PhilSci Archive

When is a prediction anthropic? Fred Hoyle and the 7.65 MeV carbon resonance

Kragh, Helge (2010) When is a prediction anthropic? Fred Hoyle and the 7.65 MeV carbon resonance. [Preprint]


Download (890kB)


The case of Fred Hoyle’s prediction of a resonance state in carbon-12, unknown in 1953 when it was predicted, is often mentioned as an example of anthropic prediction. An investigation of the historical circumstances of the prediction and its subsequent experimental confirmation shows that Hoyle and his contemporaries did not associate the level in the carbon nucleus with life at all. Only in the 1980s, after the emergence of the anthropic principle, did it become common to see Hoyle’s prediction as anthropically significant. At about the same time mythical accounts of the prediction and its history began to abound. Not only has the anthropic myth no basis in historical fact, it is also doubtful if the excited levels in carbon-12 and other atomic nuclei can be used as an argument for the predictive power of the anthropic principle, such as has been done by several physicists and philosophers.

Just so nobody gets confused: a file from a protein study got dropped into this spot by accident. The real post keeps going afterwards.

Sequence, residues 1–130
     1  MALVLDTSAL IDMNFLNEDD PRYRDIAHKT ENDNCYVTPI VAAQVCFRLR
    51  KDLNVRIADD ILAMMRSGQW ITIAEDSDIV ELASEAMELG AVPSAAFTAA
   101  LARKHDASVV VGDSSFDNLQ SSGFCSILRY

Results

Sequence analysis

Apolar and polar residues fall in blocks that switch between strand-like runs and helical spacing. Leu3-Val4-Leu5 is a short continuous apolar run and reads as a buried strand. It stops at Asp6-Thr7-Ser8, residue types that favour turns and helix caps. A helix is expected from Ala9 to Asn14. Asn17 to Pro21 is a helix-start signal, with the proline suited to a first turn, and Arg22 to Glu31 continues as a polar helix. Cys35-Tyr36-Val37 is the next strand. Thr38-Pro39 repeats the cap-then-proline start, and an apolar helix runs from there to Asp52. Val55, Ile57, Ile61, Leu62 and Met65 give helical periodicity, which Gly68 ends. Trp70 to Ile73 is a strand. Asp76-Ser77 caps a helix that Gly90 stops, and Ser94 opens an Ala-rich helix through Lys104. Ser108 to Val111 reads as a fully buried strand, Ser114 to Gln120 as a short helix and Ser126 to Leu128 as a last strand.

Export/Citation: EndNote | BibTeX | Dublin Core | ASCII/Text Citation (Chicago) | HTML Citation | OpenURL
Social Networking:
Share |

Item Type: Preprint
Kragh, Helge
Keywords: anthropic principle, prediction, Fred Hoyle, astrophysics, nucleosynthesis
Subjects: Specific Sciences > Physics
General Issues > History of Science Case Studies
Depositing User: Helge Kragh
Date Deposited: 04 May 2010
Last Modified: 07 Oct 2010 15:19
Item ID: 5332

Monthly Views for the past 3 years

Monthly Downloads for the past 3 years

Plum Analytics

Actions (login required)

View Item View Item